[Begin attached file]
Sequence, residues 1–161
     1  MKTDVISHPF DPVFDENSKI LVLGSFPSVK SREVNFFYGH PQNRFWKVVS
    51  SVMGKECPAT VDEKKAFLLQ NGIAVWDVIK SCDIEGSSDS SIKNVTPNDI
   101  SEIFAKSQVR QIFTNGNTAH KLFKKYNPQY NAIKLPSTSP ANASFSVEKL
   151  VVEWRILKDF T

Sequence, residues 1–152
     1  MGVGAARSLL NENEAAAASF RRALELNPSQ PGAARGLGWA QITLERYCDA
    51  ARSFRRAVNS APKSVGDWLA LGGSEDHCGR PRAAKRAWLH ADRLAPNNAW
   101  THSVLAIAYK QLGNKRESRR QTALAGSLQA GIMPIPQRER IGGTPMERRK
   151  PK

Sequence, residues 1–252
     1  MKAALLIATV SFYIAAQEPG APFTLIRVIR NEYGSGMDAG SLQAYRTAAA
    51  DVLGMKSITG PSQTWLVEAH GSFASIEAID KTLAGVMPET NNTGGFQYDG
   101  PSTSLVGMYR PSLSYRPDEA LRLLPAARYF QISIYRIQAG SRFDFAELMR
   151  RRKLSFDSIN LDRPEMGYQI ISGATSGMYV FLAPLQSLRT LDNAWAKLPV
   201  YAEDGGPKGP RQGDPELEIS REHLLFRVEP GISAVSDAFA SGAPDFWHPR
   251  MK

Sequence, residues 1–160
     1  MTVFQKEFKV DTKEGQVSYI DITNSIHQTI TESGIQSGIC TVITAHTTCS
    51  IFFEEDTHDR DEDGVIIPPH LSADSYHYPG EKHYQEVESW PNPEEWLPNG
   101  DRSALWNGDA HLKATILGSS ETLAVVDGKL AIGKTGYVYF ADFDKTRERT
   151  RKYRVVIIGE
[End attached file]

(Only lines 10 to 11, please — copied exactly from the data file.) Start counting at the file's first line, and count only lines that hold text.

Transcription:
   151  PK

Sequence, residues 1–252